It’s almost September- time to chat about the National Year of Reading theme for the month, Grow.
The love2read blog talks about the many options within this theme! Personal growth, self -help, health & well being, pregnancy, parenting, growth industries, career changes, weight loss (if you’ve been baking cakes and ‘growing’) the environment, sustainablilty and gardening.
Here at Nowra Library our 3rd Wednesday Book Club is reading texts from the current HSC syllabus. We figure kids grow, and we’d like to see what they’re studying for the HSC later this year. Texts under study include English classics like Wuthering Heights, Great Expectations, Pride & Prejudice and Jane Eyre and modern classics like Catch-22, Dune and Brave New World. Poets Emily Dickinson, Silvia Plath and John Keats, as well the Shakespeare, are all present, as are Australian authors Peter Carey and Tim Winton.
We’re looking forward to seeing how our book club members like walking in the shoes of our HSC students this month : )
Happy reading (and growing!) everyone!
Aron Ralston,who survived a rock climbing accident by amputating his own arm.
This month’s National Year of Reading theme is Feel. This theme can be interpreted in so many ways, but here at Nowra Library, we’re taking ‘Feel’ to a whole new level by focusing on Courage & Valour- the extremes of physical and emotional experience. This month is a great time to read other’s people’s stories of survival, courage and determination, whether they climbed a mountain, survived against overwhelming odds or lived through war. Let’s feel this April.
Here’s some ideas to get you started….
Between a Rock and a Hard Place by Aron Ralston
Three Day Road by Joseph Boyden
Tower Stories by Damon DiMarco
The Perfect Storm by Sebastian Junger
Our Darkest Days by Patrick Lindsay
First lady by Kay Cottee
Into Thin Air by Jon Krakauer
Gallipoli by David E. Cameron
Miracle in the Andes by Nando Parrado
Paths of Glory by Jeffrey Archer
All Quiet on the Western Front by Erich Remarque
The Wildest Dream by Peter Gillman
Touching the Void by Joe Simpson
Sahara: A Journey of Love, Loss and Survival by Paula Constant
It’s March, and the love2read theme for this month is Think. You might like to read something this month which makes you think. Your thoughts might be deeply philosophical, about environmental responsibility, or what is happening in other countries around the world.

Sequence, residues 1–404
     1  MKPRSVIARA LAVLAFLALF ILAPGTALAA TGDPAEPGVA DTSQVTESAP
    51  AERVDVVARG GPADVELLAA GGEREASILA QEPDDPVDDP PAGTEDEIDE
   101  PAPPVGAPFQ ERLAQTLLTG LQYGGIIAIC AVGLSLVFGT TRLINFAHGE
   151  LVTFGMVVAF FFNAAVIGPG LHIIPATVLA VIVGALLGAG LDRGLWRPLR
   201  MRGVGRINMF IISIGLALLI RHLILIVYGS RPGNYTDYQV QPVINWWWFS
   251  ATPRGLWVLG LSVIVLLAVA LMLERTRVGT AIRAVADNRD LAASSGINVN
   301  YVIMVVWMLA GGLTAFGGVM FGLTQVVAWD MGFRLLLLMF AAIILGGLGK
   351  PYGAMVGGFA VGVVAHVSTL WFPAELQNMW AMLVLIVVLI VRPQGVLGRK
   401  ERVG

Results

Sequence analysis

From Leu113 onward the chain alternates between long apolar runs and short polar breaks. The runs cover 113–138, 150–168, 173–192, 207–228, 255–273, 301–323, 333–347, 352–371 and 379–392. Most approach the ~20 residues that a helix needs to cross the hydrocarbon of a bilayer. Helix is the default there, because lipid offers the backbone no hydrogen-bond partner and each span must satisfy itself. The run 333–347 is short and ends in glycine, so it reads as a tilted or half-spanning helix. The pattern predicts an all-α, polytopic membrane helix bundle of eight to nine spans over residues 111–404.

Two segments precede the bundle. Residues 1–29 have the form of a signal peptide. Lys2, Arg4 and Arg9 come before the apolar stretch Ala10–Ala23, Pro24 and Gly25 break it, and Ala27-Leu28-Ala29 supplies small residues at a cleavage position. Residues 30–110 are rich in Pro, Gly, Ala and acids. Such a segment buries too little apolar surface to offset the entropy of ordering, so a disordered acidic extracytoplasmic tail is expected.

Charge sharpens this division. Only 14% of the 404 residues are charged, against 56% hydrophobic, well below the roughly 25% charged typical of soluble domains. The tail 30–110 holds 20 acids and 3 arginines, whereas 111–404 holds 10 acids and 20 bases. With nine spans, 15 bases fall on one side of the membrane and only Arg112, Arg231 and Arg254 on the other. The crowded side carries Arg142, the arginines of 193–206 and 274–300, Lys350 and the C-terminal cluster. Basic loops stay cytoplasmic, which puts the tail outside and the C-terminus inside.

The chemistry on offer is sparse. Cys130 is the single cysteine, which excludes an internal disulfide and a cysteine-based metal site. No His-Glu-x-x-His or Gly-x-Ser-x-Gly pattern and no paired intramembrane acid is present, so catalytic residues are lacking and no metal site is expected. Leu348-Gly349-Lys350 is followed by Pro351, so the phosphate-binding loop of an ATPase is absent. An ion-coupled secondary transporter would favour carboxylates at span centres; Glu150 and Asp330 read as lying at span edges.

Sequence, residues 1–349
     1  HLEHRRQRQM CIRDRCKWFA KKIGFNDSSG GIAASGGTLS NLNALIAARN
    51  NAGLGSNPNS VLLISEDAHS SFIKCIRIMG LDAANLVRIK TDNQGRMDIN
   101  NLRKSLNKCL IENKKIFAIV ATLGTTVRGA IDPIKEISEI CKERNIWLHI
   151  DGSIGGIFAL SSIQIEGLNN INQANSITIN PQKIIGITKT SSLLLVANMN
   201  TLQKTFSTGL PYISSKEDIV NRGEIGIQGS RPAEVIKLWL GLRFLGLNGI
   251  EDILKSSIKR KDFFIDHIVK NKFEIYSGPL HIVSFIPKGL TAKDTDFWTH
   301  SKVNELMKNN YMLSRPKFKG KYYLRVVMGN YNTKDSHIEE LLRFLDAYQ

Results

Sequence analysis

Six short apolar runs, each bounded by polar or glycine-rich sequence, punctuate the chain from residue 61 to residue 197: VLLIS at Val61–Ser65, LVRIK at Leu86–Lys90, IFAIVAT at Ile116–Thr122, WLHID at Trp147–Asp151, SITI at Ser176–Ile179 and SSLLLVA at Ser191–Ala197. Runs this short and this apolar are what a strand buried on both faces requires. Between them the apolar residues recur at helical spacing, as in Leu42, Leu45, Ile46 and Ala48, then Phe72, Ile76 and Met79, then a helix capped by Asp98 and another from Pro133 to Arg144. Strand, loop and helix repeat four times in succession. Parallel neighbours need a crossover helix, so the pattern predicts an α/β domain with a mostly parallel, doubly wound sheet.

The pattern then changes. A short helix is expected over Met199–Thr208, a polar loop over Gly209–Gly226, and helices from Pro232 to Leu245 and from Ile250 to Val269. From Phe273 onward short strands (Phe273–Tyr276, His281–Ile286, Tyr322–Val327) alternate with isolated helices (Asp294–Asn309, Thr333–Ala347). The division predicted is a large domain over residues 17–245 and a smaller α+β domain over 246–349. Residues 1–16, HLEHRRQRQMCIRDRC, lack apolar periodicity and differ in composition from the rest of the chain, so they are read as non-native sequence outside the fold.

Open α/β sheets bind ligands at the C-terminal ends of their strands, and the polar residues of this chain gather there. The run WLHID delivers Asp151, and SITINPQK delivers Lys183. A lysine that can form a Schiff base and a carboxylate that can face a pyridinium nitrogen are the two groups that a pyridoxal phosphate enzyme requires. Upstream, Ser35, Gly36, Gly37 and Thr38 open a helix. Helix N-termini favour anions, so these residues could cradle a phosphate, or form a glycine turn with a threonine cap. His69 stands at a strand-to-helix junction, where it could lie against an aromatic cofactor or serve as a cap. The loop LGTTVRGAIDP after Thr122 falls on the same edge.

Perhaps there are works by or about ‘brilliant minds’ which might inspire or amaze you. You might find a book that will challenge you, make you think differently, or about an idea you might not have previously considered. You might revisit a book you read as a child or a young adult, one that enlightened or inspired you, changed the way you viewed the world and helped shape the person you are today.
In the past, books which gave us the greatest cause to think were often the ones which also created the most controversy. For that reason, this month is also about reading Banned or Challenged books. Here’s a few of the most (in)famous to get you started:
To Kill A Mockingbird by Harper Lee
Twilight (series) by Stephenie Meyer
Catcher in the Rye by J.D. Salinger
My Sister’s Keeper by Jodi Picoult
The Color Purple, by Alice Walker
The Chocolate War by Robert Cormier
I Know Why the Caged Bird Sings by Maya Angelou
Of Mice and Men by John Steinbeck
The Bluest Eye by Toni Morrison
The Handmaid’s Tale by Margaret Atwood
Beloved by Toni Morrison
Harry Potter (series) by J.K. Rowling
American Psycho by Bret Easton Ellis
Slaughterhouse-Five by Kurt Vonnegut
Lord of the Flies by William Golding
The Adventures of Tom Sawyer by Mark Twain
Pillars of the Earth by Ken Follett
His Dark Materials (series) by Philip Pullman
The Lovely Bones by Alice Sebold
Books That Made Us Think
This month at Nowra Library we are inviting you to share your most thought provoking books with us. Is there a book that enlightened you? Inspired you? Perhaps you read something as a child or young adult that changed the way you thought about the world? We want to hear about it. Fill out a ‘Think Bubble’ and paste it onto our National Year of Reading display ‘Wall,’ located behind the Circulation Desk. Or, tell us about it on our Facebook Wall. Let’s all think together this March.